Otto's Trip to the Moon by Katherine Lodge
|Otto's Trip to the Moon by Katherine Lodge|
|Genre: For Sharing|
|Reviewer: Sue Magee|
|Summary: A pull-tab book in the Seriously Cute series makes for a fun bedtime read with surprises hidden on every page. Recommended.|
|Buy? Yes||Borrow? Maybe|
|Pages: 16||Date: July 2008|
|Publisher: Bloomsbury Publishing PLC|
It was Otto's birthday and Missy and Chip had bought him a present. When he unwrapped it he discovered a rocket and where else do you take a rocket but to the moon? Off the friends went, with the moon being very pleased to see them and they had a picnic on the moon and a dance before they tidied up and flew back home again.
That might sound very simple but on every page there's a surprise and a pull of the tab will reveal the secret. Pull the tab – sometimes you have to be really quite firm – and you will see a rocket, or the friends flying off to the moon. Some of the secrets are glorious, bold triumphs – like the rocket which turns into a 3-D picture on the following page – whilst others need a little more study. The picnic scene shows the juice in Missy's class going down, Chip eating his sandwich and the candles on the birthday cake burning and this isn't quite so obvious to the child.
It's an enjoyable story with the idea of going on a trip, having a picnic, playing and then, most importantly, tidying up the mess that you've made. I loved the idea of the moon laughing that the brush tickled him. There's a nice wind-down as the friends realise that they're tired and want to go home and to bed – a lovely bedtime story.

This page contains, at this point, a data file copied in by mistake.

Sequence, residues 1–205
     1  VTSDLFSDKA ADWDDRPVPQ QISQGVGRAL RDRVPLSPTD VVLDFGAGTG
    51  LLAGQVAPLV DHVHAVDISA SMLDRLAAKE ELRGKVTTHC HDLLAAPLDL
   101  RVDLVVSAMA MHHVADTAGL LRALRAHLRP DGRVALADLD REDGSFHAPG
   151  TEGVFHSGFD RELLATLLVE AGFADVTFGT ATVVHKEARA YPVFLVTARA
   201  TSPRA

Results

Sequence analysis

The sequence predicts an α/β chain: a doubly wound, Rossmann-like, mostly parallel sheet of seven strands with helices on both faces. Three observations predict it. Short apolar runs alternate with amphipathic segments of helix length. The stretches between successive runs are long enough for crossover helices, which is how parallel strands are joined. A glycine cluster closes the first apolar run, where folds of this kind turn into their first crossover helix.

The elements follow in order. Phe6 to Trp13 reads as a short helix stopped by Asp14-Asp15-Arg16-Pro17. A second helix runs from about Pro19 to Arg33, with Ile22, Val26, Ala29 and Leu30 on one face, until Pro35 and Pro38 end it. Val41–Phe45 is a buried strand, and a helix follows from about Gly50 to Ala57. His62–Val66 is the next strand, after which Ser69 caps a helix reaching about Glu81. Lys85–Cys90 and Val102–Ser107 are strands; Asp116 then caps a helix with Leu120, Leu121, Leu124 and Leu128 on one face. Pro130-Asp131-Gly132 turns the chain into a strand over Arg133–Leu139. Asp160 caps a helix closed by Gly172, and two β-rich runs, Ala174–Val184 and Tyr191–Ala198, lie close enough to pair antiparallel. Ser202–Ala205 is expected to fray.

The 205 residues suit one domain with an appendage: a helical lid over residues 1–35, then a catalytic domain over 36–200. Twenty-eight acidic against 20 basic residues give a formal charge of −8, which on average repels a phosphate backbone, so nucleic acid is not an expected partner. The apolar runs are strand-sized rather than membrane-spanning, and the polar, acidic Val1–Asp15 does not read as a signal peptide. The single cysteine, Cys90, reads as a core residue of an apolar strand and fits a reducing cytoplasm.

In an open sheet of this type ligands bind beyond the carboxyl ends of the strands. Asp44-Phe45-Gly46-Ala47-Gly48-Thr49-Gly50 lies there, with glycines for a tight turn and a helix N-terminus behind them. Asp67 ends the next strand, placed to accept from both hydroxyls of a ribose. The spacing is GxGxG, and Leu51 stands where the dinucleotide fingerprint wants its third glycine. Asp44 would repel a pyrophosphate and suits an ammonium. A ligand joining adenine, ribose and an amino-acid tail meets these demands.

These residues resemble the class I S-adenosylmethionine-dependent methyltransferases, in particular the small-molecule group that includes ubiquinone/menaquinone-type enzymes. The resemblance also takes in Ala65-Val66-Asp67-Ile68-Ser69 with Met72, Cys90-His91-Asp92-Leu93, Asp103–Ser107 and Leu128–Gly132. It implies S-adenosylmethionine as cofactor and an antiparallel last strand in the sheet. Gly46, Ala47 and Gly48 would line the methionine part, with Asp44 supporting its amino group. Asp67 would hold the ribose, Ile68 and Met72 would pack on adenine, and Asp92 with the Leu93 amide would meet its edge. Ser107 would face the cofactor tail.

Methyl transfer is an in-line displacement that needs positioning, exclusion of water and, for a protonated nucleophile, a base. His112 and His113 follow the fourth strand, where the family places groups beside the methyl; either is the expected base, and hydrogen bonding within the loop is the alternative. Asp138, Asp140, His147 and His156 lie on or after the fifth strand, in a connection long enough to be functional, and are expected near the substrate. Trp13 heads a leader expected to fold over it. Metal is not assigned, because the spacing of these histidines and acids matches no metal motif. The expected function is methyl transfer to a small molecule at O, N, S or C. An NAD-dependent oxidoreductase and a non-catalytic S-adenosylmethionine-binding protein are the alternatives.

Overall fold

The pull tabs are robust. Certainly the first pulls which release the mechanism will need to be done by an adult but once they are moving they can be pulled quite easily by a child. There's a neat indentation in the page which makes it easy to get hold of the tab. The 3-D page folded out and back successfully on every occasion and even opening the book a little too far doesn't cause any problems.
I'm less convinced about the surprises hidden under flaps of paper. The picnic basket opens out to reveal bird having a drink quite successfully, but on the final page when the three friends are in bed the coverlets can be pulled down to give further surprises and it was very easy for a careful adult to pull these too far and then have difficulty getting them back again.
The story is gentle, amusing and easy to read, but the joy is in the surprises. It's not a book which is going to remain on the favourites shelf for very long but it will make a fun bedtime read if only in the short term.
I'd like to thank the publishers for sending a copy to The Bookbag.
We also enjoyed Where's Noddy?: Pull-the-tab Surprise Book by Enid Blyton rather more than we expected to. Older children will love the paper engineering in Journey to the Moon by Lucio and Meera Santoro which also gives the opportunity to invent your own story to go with the scenes.
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